If you are doubting your 9ness, what do you think you might be instead? It can be quite tricky with the whole withdrawn factor I admit.. especially if you are/were out of touch with your essence like I was. This certainly was a decision I made over at least a year.
 

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I think the fact that my parents tried to micromanage me so much made me an 8 wing. There is always a good child and a bad child in those kind of strict families. My sister was the compliant, good 6w7 child and I was the passive-aggressive, bad 9w8 child that they wish they could turn into a 9w1 instead but never quite could.
 

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My mother is controlling. I'm hispanic, while knowing more english then spanish. My father hasn't really guided me much in life, he's not really done much in life. He has only reached the 5th grade. Therefore, I have no place in life, no identity, the resistance to strictness and control. I am an outcast in my own family, I am close to no one but myself.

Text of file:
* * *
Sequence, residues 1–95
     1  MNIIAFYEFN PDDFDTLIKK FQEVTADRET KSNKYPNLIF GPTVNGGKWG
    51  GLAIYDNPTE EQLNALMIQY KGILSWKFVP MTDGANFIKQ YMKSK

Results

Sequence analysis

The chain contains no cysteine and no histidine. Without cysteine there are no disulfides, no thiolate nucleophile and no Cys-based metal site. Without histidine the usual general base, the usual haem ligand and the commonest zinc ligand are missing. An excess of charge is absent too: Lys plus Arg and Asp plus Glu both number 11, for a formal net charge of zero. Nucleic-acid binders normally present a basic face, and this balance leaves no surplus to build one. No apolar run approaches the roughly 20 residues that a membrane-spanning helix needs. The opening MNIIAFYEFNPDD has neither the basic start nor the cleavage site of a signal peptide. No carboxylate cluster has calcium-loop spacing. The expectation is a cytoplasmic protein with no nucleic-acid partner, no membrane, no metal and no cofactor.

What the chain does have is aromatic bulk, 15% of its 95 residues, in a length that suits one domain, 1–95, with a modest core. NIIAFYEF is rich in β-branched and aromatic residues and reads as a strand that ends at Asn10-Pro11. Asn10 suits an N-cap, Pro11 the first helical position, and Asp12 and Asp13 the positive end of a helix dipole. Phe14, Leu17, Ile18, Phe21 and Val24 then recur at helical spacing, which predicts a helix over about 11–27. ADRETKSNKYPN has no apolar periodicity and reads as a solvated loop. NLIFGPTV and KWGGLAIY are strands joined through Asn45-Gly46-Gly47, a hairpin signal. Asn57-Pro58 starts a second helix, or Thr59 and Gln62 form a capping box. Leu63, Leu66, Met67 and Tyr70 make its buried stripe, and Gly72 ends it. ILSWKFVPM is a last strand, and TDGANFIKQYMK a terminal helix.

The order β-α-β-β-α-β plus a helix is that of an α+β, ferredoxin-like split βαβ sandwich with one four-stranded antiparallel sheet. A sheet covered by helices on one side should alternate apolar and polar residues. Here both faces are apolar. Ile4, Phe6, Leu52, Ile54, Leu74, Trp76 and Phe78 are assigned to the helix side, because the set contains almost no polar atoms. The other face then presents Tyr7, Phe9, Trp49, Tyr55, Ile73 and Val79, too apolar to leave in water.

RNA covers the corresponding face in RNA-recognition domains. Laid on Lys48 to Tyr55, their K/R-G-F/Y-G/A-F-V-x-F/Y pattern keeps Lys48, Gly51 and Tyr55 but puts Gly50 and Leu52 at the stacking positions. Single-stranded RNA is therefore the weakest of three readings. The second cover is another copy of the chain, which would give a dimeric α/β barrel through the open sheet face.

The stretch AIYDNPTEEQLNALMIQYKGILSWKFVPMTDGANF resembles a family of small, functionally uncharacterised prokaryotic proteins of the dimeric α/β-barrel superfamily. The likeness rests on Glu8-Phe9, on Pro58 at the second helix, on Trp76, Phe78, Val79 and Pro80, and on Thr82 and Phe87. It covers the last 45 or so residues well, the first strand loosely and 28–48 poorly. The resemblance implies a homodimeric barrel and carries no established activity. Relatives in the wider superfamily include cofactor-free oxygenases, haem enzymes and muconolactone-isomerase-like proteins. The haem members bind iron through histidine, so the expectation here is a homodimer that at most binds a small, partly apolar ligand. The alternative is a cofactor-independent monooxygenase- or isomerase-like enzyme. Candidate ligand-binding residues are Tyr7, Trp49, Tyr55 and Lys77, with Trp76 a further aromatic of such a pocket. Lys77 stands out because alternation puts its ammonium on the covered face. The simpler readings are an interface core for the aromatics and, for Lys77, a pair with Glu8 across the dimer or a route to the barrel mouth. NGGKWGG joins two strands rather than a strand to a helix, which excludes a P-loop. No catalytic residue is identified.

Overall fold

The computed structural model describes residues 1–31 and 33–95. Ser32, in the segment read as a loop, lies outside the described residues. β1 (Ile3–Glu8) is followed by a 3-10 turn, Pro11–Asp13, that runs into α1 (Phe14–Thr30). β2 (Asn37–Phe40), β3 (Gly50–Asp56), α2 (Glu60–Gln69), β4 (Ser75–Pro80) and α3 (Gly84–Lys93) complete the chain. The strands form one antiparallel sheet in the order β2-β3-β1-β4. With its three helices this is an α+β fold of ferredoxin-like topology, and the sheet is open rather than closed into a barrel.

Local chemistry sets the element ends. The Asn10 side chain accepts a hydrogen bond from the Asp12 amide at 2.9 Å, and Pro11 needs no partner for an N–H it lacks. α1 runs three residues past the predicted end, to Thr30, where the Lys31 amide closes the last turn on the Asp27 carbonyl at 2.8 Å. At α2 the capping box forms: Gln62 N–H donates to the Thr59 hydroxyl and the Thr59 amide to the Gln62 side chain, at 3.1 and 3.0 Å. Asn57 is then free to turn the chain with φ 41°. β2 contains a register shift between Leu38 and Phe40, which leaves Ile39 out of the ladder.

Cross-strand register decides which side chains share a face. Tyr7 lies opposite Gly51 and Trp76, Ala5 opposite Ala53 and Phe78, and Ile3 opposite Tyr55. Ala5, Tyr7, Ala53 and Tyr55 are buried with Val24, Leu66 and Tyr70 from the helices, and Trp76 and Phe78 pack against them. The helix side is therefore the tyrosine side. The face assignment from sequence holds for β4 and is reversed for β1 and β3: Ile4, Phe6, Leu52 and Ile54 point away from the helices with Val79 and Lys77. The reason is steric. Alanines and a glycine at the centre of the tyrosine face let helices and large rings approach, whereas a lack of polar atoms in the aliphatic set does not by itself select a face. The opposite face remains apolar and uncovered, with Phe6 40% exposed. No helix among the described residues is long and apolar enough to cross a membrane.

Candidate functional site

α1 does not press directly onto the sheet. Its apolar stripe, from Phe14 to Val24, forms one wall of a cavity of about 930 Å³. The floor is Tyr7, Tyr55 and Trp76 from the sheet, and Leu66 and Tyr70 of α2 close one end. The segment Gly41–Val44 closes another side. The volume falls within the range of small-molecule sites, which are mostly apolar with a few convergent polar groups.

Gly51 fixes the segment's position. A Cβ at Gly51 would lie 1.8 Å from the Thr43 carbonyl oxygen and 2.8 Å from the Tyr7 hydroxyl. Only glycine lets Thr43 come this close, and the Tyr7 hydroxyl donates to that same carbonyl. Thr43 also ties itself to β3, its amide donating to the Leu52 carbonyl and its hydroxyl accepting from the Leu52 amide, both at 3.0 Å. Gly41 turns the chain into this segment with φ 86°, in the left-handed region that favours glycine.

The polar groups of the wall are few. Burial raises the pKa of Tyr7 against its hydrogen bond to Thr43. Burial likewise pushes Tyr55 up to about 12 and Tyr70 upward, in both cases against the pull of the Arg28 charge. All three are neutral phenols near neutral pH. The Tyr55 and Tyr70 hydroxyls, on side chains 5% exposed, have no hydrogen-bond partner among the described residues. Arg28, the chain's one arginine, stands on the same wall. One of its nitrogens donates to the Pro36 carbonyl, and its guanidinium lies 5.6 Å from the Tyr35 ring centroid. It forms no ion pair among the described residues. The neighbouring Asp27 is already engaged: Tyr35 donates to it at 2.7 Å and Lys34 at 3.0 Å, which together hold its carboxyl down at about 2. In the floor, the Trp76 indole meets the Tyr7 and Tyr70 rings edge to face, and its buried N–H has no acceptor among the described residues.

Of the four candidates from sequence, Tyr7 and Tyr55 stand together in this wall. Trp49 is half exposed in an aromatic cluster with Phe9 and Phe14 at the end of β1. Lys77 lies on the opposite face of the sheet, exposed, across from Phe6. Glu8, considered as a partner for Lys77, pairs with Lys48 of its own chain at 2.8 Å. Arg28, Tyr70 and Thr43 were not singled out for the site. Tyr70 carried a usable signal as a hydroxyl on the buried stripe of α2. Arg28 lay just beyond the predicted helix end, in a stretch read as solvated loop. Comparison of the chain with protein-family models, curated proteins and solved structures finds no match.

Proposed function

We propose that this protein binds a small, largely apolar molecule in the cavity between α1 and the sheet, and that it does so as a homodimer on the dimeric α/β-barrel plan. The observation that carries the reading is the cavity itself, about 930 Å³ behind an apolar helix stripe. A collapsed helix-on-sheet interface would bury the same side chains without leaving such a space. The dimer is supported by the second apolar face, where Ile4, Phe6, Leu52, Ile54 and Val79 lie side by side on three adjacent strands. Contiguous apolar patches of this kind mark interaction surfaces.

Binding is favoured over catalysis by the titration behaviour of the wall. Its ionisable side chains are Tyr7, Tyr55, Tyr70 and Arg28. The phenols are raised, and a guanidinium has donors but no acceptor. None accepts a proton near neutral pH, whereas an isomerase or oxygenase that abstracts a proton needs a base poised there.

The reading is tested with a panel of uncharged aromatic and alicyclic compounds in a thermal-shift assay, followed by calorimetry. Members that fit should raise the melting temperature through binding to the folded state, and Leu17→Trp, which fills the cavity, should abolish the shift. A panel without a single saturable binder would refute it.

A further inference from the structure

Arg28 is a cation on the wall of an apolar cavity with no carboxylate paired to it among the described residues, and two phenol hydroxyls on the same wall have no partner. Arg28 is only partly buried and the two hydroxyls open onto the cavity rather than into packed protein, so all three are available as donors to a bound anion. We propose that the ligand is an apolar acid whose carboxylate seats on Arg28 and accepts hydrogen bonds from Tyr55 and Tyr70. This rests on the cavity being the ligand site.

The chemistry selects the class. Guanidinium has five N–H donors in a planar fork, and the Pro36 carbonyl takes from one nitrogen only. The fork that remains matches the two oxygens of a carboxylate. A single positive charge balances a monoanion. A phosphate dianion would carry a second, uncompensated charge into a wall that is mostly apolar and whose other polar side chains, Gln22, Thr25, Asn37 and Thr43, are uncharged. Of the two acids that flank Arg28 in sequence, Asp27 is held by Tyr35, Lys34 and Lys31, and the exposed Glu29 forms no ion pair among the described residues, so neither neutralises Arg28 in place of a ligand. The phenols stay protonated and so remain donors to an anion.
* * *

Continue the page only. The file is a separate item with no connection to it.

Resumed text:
That hits home tbh
 

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It's hard for me to say... I guess I generally believe that a combination of nature and nurture is what forms a person's personality or behavior, but I'm not sure how it relates to Enneagram... I guess I lean more towards thinking that we're born with our type, and the key to differentiating between that and behaviors caused by experiences is just to look at how the person thinks...I would think that, no matter how withdrawn and self-effacing, a 6 still thinks like a 6, a 2 still thinks like a 2... I don't know. Just speculating. Maybe I'm simplifying or overcomplicating. :p